Independent Clauses | n. —unusual words about underappreciated music

Ty Maxon creates intricate folk beauty

July 25, 2012

Ty Maxon‘s music is beautiful. It was gorgeous in 2009’s Furthest From the Tree, and it’s still so in this year’s Calling of the Crows. Maxon plays intricate acoustic tunes that can be categorized as folk, but their appeal transcends those looking for rustic purity of sound. Furthest had a knowing, distanced, Nick Drake-esque whimsy to it; Calling has a much more intimate, Damien Jurado-esque vibe. The wink is gone, replaced with a wry smile.

This lends the album a mellow, gentle feel. No track here is particularly fast, nor is any one track given inordinate attention. These tracks are all on equal footing, each taking their place in the album and contributing. Some may say that the cascading notes and easy-going tempos don’t change enough from tune to tune, but I like the consistency here. The album comes together to be a unified musical statement, and that’s rare in this day and age. Harmonica, drums and more make occasional appearances, but generally this is the province of Maxon’s voice and guitar. Both don’t get too loud or intense, and instead unveil depth and beauty.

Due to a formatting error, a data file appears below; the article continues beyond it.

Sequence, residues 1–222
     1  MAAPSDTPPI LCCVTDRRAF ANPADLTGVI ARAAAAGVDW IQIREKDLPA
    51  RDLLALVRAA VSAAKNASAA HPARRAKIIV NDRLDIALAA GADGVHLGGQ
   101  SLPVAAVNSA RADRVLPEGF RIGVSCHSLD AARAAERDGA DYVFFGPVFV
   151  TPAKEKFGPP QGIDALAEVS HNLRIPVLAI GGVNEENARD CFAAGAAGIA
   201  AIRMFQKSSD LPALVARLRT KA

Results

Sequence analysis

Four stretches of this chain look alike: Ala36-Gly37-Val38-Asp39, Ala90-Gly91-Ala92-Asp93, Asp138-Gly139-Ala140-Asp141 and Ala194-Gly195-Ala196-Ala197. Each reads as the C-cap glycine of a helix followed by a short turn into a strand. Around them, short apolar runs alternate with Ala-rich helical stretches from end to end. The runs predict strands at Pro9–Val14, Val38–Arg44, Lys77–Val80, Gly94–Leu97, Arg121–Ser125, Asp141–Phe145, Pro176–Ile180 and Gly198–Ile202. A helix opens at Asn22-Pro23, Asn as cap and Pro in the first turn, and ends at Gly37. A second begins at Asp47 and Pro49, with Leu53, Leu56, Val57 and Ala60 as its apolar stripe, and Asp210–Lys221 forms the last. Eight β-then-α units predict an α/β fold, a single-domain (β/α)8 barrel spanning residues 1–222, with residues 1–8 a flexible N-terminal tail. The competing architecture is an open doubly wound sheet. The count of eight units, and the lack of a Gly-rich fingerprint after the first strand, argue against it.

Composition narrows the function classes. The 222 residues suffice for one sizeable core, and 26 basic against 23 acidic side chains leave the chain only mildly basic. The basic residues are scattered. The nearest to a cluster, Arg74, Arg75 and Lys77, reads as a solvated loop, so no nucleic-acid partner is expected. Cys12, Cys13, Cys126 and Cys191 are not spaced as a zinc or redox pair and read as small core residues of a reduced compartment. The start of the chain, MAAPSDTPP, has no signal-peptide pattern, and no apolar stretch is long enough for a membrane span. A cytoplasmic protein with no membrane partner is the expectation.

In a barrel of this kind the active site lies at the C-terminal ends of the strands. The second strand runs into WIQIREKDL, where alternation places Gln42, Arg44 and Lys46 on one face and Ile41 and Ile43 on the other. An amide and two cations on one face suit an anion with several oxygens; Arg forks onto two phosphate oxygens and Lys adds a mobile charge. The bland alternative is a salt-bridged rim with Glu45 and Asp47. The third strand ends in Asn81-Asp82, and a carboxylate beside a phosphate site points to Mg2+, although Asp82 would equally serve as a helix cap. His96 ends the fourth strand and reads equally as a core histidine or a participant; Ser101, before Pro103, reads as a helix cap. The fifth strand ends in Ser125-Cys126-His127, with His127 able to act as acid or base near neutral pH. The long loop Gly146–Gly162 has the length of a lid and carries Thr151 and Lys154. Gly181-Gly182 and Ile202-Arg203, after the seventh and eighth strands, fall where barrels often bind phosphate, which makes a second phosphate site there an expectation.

If you’re into stately, gently emotive folk, you’ll be all over this. A perfect lazy porch, gentle rain, hammocking Sunday in the fall would definitely include Calling of the Crows.

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Stephen Carradini and friends write reviews of bands that are trying to make the next step in their careers.

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